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4 States Passing Crazy Anti-LGBT Legislation

4 States Passing Crazy Anti-LGBT Legislation

4 States Passing Crazy Anti-LGBT Legislation
Basil_Soper

Just because same-sex marriage is now legal throughout the nation doesn’t mean queer folks are free from danger. There is still a lot that needs to be done to legally protect LGBT people from discrimination in all aspects of life, but unfortunately there have been a lot of setbacks recently.

Following South Dakota and Tennessee, there are a handful of states currently considering passing a slew of anti-LGBT bills.

North Carolina

The Southern state recently passed a law that prevents local governments from passing antidiscrimination ordinances that are used to protect LGBT people and nullifies those already in existence.

This means any business in the state can refuse service to any LGBT person. It is much broader than the highly contentious Religious Freedom Restoration Acts passed in some states last year, which at least required a "sincerely held religious belief" to decline service. The legislation also requires schools and government agencies to enforce single-sex bathrooms, with entry restricted to people identified as the “proper” gender on a birth certificate.

 

 

Kansas

State lawmakers introduced a pair of bills into law that would prohibit transgender students from using restrooms that match their gender. The Student Physical Privacy Act would apply not only to public schools but all public universities in the state, and would let anyone who saw someone transgender in the bathroom not designated for their birth sex could sue their school for $2,500 each time it happened. The paired bills (Senate Bill 513 and House Bill 2737) state that transgender students are going to harm cis students by using the same bathroom or locker room.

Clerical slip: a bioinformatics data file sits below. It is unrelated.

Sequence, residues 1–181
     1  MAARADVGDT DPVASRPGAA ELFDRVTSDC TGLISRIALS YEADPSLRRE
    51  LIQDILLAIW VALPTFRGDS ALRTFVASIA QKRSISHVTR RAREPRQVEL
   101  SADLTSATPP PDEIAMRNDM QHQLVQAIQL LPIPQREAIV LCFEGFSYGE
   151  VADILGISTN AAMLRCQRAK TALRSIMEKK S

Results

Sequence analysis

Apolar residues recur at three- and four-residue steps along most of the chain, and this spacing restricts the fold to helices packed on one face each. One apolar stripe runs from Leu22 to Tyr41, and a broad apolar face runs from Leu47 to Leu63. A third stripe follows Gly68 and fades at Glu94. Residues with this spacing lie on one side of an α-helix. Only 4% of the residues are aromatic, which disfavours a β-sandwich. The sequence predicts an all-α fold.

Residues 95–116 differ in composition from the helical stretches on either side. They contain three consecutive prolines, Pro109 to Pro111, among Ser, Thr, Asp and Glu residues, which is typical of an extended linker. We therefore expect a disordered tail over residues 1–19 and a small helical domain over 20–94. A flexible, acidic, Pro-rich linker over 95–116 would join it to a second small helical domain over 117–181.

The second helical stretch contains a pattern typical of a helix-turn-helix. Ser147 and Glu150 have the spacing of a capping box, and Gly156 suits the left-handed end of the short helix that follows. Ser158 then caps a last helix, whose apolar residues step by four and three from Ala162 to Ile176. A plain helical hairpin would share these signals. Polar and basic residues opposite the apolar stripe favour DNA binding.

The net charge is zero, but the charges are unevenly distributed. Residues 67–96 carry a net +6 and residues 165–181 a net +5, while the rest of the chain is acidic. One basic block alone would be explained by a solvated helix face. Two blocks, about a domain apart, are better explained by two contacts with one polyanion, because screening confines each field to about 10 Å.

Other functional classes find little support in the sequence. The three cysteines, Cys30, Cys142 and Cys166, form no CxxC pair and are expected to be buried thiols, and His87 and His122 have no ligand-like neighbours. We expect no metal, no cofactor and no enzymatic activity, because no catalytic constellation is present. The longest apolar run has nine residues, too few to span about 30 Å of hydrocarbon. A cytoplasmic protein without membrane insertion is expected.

“Allowing students to use restrooms, locker rooms and showers that are reserved for students of a different sex will create potential embarrassment, shame, and psychological injury to students,” the bills read.

 

 

Georgia

Georgia lawmakers passed a bill last week, House Biill 757, that would prevent anyone from taking legal action against any organization, person, or business that discriminates because of “a sincerely held religious belief regarding lawful marriage between ... a man and a woman.” That opens the door to all types of discrimination against LGBT people. It’s up to Gov. Nathan Deal to decide whether to sign it into law or veto it.  Twitter, Disney, and Marvel, among others, have said they will boycott Georgia if the bill becomes law.

 

 

Kentucky

Kentucky was most recently known for Rowan County Clerk Kim Davis and the defiance that got her jailed for refusing to issue marriage licenses to same-sex couples in her jurisdiction, but now the state is advancing legislation specifically designed to enable discrimination against LGBT people. Last week the state Senate voted 22-16 to approve Senate Bill 180, which creates "protected rights" and "protected activities." To sum it up, any business owner can discriminate or turn someone away if the person or their life violates their spiritual beliefs. The bill now goes to the House.

 

 

If you live in any of these states, contact your local LGBT advocacy groups and see if you can get involved in the process of stopping these bills before they become law. If they've become law, see what you can do to change it.

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Basil Soper

Basil Soper is a transgender writer, activist, and Southerner who wears his heart on his sleeve. He's an astrology enthusiast and tears up when he watches unexpected-animal-friend videos on the internet. Basil's life goals are to write a memoir and be the best uncle ever to his niece, Penelope. Learn more about Basil at ncqueer.com.

Basil Soper is a transgender writer, activist, and Southerner who wears his heart on his sleeve. He's an astrology enthusiast and tears up when he watches unexpected-animal-friend videos on the internet. Basil's life goals are to write a memoir and be the best uncle ever to his niece, Penelope. Learn more about Basil at ncqueer.com.